Paul Thomas Anderson’s ‘Inherent Vice’ Is a Breezy, Bizarre Blast


Paul Thomas Anderson took five years to make his 2007 oil epic There Will Be Blood. He took another five years to make 2012’s Scientology-inspired The Master. He banged out his adaptation of Thomas Pynchon’s Inherent Vice in two, and you can feel the difference—in the best possible way. The two films that preceded it marked the filmmaker’s transition from wunderkind to Serious Artist; by turns wrenching, challenging, and borderline impenetrable, they plunged the depths of American history and the American soul. Vice, by contrast, is a slang-y, breezy lark, a picture whose two-and-a-half-hour running time, Oscar-friendly release date, and premiere as the Centerpiece selection at the New York Film Festival make it sound like a more important movie than it is—or, more importantly, than Anderson seems to think it is. After a decade spent making two films that are like pressure cookers, he was clearly ready to blow off some steam.

This is normally the part where some kind of plot summary would be appropriate, but that seems especially fool’s-errand-ish here. It’s one of those dizzyingly complex detective yarns that seems to take pleasure in introducing every new ripple, so that by the time a supporting character offers up an explanation like “they’re an Indochinese heroin cartel,” you find yourself just nodding and grinning; yes, of course they are. As the sprawling narrative uncoils, “Doc” Sportello (Joaquin Phoenix) stumbles into kidnapping, adultery, land development, drug smuggling, politics, Red-baiting, surfer music, police corruption, and “dentists on trampolines,” but the basic ingredients are simple: an honorable private detective, and the girl who broke his heart and now needs his help. Everything past that is just gravy.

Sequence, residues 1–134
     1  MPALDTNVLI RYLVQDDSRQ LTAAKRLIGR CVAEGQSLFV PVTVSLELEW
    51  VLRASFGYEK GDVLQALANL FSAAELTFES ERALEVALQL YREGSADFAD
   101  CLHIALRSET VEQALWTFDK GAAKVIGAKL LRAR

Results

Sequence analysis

It’s not that Anderson (and, presumably, Pynchon) don’t care about the rest—it’s that it’s not what’s important. This is a movie about characters, a variety show where everyone gets to come in for a scene or two and perform their specialty: Josh Brolin as a hard-case “Renaissance detective” who moonlights as a struggling actor, Benicio del Toro as a wise but only vaguely legit attorney (forging a connection to a similar role in another drug-soaked adaptation, Fear and Loathing in Las Vegas), Reese Witherspoon (reuniting with her Walk the Line co-star) as the deputy D.A. who gets a thrill from slumming it with the dirty hippie, Martin Short as a sleazy dentist with a weakness for skirts and a bigger one for white powder.

Tying it all together is Joanna Newsom as Sortilège, a supporting character in the book whom Anderson adapted into the film’s narrator. “For a long time, I was told if you used voice-over, that’s a no-no,” Anderson explained at a press conference this morning, following the film’s press and industry screening. “And I think the premise is that you have to have your characters do your work for you—that you can’t rely on a narrator to do it… And I was always paranoid to do it until now. There was so much good stuff that the character could say that was from the book, that was helpful to the story, that wouldn’t step on it or irritate it or subtract from it, but would hopefully add to it, at its best.” His instinct was correct; it is helpful to have a guide through this labyrinth, as well as to unfurl a delicious turn of phrase like “she was laying some heavy combination of face ingredients on Doc that he couldn’t read at all.”